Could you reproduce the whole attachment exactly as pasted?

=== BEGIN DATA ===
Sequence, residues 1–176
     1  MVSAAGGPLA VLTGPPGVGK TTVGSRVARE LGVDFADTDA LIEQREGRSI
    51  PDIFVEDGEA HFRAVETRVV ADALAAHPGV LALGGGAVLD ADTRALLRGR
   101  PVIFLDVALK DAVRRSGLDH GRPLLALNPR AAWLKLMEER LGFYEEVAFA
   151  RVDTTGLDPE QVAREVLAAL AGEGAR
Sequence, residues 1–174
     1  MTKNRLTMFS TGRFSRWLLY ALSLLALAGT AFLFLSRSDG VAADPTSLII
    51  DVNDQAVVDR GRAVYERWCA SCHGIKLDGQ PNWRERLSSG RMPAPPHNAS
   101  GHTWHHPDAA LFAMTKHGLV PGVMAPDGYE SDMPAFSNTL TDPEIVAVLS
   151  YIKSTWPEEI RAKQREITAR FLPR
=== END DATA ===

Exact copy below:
Sequence, residues 1–176
     1  MVSAAGGPLA VLTGPPGVGK TTVGSRVARE LGVDFADTDA LIEQREGRSI
    51  PDIFVEDGEA HFRAVETRVV ADALAAHPGV LALGGGAVLD ADTRALLRGR
   101  PVIFLDVALK DAVRRSGLDH GRPLLALNPR AAWLKLMEER LGFYEEVAFA
   151  RVDTTGLDPE QVAREVLAAL AGEGAR
Sequence, residues 1–174
     1  MTKNRLTMFS TGRFSRWLLY ALSLLALAGT AFLFLSRSDG VAADPTSLII
    51  DVNDQAVVDR GRAVYERWCA SCHGIKLDGQ PNWRERLSSG RMPAPPHNAS
   101  GHTWHHPDAA LFAMTKHGLV PGVMAPDGYE SDMPAFSNTL TDPEIVAVLS
   151  YIKSTWPEEI RAKQREITAR FLPR